A spokesperson for Canada’s Environment and Climate Change Minister Steven Guilbeault did not respond to emailed questions about the clean fuel standard’s potential impact on the mining sector.
Dilution is not a solution
But watering down the clean fuel standard to assuage industry concerns about competitiveness would unduly weaken the regulatory impact on carbon emissions and Canada’s energy transition, said Bora Plumptre, senior analyst at the Pembina Institute, a clean energy think tank.
“There have been numerous exemptions and flexibilities already introduced into the policy, which have significantly undermined its original intent,” Plumptre said in an interview. “If they dilute the policy further…they will push the country even further away from the type of economic growth that we need to see in clean energy in the post-2030 era.”
Overall, Plumptre doubted that the added cost of regulation would put Canada at a disadvantage. Canada is in the middle of the pack in terms of global fuel costs, and the impact of policy on prices is relatively small compared to oil price volatility, Plumptre said, noting that by 2030, the fuel standard is expected to add 4 to 11 cents Canadian to gasoline prices. and 4 to 13 cents Canadian to the price of diesel.
“The high end, there really is an upper bound representing a pretty unlikely scenario in terms of how compliance costs should play out,” the analyst said.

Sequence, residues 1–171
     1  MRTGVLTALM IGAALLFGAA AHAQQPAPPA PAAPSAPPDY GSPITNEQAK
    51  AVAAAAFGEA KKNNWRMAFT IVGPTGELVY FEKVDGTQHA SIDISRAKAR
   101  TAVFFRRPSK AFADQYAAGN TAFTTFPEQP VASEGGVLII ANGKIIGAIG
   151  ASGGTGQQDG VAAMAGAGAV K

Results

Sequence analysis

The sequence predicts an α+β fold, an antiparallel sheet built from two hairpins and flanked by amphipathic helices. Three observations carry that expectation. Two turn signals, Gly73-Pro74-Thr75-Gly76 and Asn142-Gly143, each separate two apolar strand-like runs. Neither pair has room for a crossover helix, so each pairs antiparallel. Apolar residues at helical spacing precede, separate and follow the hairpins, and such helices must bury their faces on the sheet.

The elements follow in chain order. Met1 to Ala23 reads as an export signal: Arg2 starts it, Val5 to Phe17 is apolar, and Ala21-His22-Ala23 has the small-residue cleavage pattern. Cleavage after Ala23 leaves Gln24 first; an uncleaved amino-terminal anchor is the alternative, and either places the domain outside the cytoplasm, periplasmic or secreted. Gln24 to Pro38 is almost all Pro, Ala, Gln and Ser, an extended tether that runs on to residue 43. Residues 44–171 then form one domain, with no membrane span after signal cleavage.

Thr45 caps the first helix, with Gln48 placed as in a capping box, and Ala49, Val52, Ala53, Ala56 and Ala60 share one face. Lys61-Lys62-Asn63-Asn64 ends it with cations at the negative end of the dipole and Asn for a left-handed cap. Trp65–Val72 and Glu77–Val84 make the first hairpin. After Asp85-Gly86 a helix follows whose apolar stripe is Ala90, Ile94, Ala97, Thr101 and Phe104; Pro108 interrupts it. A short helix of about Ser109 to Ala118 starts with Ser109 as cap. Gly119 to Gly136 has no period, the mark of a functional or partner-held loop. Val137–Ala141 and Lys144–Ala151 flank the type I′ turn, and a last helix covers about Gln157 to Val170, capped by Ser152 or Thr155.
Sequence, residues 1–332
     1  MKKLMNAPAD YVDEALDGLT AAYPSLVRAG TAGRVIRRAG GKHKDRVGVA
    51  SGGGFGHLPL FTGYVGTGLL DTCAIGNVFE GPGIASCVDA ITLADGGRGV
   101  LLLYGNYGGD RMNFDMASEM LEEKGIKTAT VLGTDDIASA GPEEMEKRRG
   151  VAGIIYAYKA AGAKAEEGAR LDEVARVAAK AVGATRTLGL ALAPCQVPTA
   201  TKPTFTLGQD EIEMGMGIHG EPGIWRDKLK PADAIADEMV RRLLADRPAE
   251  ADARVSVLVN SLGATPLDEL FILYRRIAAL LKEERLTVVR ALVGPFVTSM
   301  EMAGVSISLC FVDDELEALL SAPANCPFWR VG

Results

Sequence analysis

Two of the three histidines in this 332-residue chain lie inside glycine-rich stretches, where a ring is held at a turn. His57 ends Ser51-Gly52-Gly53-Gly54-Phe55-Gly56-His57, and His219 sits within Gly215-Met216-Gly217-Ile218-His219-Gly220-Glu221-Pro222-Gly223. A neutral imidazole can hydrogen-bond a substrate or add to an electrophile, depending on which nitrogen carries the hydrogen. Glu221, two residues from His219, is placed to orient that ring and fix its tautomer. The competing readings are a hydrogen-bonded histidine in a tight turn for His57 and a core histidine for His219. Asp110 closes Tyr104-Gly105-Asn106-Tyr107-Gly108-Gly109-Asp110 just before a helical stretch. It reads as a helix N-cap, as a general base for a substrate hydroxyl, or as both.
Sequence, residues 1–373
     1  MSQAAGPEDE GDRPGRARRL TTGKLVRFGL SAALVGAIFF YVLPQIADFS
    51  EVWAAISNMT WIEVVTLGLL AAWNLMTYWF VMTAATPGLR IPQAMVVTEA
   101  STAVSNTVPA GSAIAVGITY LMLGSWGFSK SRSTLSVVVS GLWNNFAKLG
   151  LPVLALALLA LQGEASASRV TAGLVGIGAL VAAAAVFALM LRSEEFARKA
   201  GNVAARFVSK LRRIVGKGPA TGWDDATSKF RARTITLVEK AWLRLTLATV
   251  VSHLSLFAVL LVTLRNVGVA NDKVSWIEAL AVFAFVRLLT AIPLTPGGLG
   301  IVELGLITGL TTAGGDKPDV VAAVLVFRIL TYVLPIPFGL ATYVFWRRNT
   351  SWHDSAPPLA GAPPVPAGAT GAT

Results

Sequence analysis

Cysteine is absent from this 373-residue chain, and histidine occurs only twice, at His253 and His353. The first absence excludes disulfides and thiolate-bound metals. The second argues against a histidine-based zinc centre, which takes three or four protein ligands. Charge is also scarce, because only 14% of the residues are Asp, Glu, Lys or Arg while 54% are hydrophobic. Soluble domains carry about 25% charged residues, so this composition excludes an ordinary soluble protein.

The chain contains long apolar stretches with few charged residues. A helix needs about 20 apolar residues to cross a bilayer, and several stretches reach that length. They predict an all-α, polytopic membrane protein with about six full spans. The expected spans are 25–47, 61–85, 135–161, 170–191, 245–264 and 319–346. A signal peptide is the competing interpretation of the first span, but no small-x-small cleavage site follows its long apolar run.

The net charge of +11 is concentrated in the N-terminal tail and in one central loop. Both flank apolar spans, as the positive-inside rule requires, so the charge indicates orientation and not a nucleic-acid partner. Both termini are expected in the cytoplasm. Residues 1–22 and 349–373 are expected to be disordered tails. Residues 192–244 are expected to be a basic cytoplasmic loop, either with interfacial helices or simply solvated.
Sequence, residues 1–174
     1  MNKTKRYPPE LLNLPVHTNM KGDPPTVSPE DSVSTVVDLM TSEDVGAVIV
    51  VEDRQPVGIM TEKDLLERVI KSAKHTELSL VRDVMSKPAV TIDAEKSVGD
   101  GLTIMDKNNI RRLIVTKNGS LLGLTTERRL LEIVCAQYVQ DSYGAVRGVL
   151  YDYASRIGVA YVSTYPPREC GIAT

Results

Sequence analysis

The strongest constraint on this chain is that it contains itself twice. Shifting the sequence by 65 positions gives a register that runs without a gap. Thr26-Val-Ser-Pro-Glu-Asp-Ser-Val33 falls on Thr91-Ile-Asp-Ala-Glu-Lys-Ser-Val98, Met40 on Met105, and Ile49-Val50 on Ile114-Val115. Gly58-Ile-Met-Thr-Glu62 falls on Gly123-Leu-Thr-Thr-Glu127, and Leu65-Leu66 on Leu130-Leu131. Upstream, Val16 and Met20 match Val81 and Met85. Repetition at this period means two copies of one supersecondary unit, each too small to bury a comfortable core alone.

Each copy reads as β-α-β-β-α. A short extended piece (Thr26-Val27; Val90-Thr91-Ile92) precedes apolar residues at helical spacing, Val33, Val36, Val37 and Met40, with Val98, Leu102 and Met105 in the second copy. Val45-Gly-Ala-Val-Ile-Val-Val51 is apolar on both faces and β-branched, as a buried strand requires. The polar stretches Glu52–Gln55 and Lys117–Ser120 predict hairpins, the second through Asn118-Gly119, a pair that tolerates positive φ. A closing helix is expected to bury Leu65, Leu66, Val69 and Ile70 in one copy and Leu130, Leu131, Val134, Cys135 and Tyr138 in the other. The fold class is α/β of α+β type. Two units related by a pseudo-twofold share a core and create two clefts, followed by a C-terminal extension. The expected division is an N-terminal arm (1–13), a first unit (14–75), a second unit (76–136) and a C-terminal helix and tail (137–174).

Higher Canadian carbon costs will be particularly difficult for remote mines and projects where there is no economic alternative to fossil fuels because the sites are far from the power grid, presenting a political conundrum for Canada. . The federal government has touted the country as well positioned to develop energy transition industries, such as electric vehicle manufacturing, in part given its mineral wealth. However, its new decarbonization policy, without addressing international competition in the mining sector, could increase costs and potentially jeopardize mining development in the country targeting battery metals that support the national electric vehicle supply chain.
In 2018, about 52% of Canada’s nickel production and 62% of its cobalt production came from off-grid mines, Marshall said, noting how exposed Canada’s battery metals are to fossil fuel costs. Additionally, many Canadian mining projects are too far from the power grid for building extensions to justify the capital cost.